First Mennonite Church
July 15, 2018
The Fruit of the Spirit: Love
John 14:15-7, 28; Galatians 5:22-23
Love might be one of the most misused and abused words in our language. You can find the word “love” everywhere! There are songs of love. Some people say they “love” cats more than dogs. Or, others love their cars or their towns. Some people say they love to eat chocolate or love their coffee very hot. We hear some are out there finding the “love” of their lives. And, also that people make love. The word “love” is used variously and it is no wonder why there is much confusion about the meaning of this word.
Once, a teenager was asked to define love and this is what she said, “Love is a feeling you feel, that you know it’s a feeling that you have never felt before.” Most of us think of love as a feeling. And that is why we cannot help ourselves regarding who or what we love. In the same manner of belief that love is a feeling, an emotional response to a circumstance or object, we cannot help but not love the things or people who do nor arouse in us that feeling. So, we love some things and hate others. We love given people, but cannot even tolerate, much less love, others. Therefore the question: what is love?
Is love a feeling or an emotion that moves us uncontrollably towards something? Do we love because what we love or who we love is easy to do so? Why loving others has to be commanded, particularly to Christians? Can we love if we simply do not have the feeling to do so?
If we have to be commanded to love one another, which we are, how do we obey this commandment when the person we are to love is not lovable or loving?
In the Bible we read that “God is love.” Often times when we preachers speak of love we are ready to impress by using the Greek word, agape—love. Preachers sometimes say that the agape type of love is used to describe God’s unconditional or sacrificial love— which is the highest kind of love. And it is true to the extent that every time the New Testament writers refer to God’s love or the kind of love with which Christians ought to love, they used the Greek word agape. But for our information, this word is also used in the following texts: 1John 2:15. Do not love the world or the things in the world. And where Paul says that “Demas loved the world” (2Timothy 4:10). In that regard agape is not used only for God’s love or the kind of love with which Christian should love, but also for the love and passion to pursue worldly things and values.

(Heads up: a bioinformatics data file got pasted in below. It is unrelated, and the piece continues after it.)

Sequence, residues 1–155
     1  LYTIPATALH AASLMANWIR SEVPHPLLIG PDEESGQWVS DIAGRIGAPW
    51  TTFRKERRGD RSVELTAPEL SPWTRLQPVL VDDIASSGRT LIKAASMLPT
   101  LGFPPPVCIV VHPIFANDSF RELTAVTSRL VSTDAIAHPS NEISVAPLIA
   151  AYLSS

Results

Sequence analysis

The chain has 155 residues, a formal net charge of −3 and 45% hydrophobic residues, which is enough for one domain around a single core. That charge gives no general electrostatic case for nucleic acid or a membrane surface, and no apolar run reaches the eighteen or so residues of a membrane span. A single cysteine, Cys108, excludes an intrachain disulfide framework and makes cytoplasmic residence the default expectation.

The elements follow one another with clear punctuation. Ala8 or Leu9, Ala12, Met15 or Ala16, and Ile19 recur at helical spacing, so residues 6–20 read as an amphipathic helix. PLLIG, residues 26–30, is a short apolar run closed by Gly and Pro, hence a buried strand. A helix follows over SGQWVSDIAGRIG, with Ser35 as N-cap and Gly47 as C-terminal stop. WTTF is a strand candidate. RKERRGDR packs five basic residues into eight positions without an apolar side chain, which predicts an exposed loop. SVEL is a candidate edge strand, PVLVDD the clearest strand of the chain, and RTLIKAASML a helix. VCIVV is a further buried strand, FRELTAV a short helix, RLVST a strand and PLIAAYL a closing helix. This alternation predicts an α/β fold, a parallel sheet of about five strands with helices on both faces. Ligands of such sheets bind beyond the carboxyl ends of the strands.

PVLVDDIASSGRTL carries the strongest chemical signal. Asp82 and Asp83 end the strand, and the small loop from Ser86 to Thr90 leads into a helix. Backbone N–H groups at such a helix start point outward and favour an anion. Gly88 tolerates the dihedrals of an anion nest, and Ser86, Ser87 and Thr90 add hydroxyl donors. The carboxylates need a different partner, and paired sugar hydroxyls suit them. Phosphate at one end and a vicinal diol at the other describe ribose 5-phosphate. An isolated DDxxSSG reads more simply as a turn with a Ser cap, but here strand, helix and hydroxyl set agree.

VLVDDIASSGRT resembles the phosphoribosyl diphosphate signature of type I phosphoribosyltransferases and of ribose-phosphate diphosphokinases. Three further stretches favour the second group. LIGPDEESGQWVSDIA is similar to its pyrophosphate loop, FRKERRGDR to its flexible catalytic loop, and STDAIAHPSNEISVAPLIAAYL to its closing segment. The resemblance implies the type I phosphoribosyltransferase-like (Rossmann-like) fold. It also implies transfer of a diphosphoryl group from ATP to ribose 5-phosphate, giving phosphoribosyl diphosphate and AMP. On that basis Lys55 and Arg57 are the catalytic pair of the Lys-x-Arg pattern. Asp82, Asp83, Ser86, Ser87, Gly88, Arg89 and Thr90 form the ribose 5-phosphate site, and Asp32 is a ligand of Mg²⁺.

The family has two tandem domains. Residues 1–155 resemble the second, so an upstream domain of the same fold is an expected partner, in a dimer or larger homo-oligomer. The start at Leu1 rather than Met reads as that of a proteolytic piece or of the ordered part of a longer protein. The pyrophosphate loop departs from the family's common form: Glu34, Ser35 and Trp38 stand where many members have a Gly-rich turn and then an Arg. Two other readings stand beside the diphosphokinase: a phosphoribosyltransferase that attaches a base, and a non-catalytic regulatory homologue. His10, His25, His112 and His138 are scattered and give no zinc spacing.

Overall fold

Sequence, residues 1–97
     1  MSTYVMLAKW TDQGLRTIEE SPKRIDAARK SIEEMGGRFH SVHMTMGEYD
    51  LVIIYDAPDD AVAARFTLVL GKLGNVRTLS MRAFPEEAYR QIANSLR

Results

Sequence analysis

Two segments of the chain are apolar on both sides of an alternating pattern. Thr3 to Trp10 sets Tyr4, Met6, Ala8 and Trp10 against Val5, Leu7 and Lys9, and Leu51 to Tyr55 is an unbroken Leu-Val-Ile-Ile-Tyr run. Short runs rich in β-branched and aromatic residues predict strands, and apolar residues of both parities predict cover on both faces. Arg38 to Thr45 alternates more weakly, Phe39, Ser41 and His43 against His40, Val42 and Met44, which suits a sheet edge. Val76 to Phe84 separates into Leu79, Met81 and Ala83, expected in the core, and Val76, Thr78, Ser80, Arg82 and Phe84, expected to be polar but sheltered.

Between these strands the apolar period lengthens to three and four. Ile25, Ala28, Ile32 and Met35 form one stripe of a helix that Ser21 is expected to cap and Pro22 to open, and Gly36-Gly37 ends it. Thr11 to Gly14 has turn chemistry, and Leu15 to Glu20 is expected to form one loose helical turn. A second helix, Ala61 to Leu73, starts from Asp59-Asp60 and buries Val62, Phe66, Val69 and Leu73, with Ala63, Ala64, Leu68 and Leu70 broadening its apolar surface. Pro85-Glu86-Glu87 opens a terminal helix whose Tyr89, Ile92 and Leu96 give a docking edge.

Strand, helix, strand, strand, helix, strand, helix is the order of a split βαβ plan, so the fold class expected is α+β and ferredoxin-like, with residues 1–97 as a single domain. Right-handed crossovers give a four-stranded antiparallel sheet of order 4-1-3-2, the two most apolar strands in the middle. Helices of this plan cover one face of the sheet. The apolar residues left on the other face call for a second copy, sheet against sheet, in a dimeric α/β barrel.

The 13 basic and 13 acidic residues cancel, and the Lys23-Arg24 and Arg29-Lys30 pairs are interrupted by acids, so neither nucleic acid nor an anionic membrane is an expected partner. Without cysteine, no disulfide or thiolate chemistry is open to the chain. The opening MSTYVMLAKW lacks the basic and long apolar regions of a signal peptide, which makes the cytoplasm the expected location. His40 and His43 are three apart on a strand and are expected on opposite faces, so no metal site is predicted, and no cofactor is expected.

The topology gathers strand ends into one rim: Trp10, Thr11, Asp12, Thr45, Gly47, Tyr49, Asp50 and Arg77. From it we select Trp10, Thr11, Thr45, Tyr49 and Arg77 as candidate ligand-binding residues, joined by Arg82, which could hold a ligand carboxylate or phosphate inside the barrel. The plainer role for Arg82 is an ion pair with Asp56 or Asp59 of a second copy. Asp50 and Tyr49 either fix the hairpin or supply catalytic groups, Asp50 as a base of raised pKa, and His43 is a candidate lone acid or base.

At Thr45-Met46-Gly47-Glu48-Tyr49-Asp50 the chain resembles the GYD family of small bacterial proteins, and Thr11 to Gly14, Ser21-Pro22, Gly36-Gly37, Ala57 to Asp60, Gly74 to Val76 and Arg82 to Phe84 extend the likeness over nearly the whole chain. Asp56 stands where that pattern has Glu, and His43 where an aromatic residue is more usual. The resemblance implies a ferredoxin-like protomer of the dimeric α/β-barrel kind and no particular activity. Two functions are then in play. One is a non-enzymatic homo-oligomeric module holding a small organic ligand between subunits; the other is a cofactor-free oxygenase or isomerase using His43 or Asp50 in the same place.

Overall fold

The Origin of Love
Again, John tells us that God is love (1John 4:8, 16). And by his actions, Jesus revealed that he was the embodiment of God. Jesus took time to smile and laugh with children at a time and place where children were expendables. He restored to life the only living relative of a mourning widow. He defended a sinner woman. Jesus happily obliged to be the guest of a hated tax collector. He wept along his dear friends Mary and Martha. In the end, he gave his life for the world. Jesus embodied God’s love. But he also gave a commandment to his disciples, which he described as a new commandment—to love one another as he had loved them. Therefore, his followers were commanded to be the embodiment of Jesus by loving one another.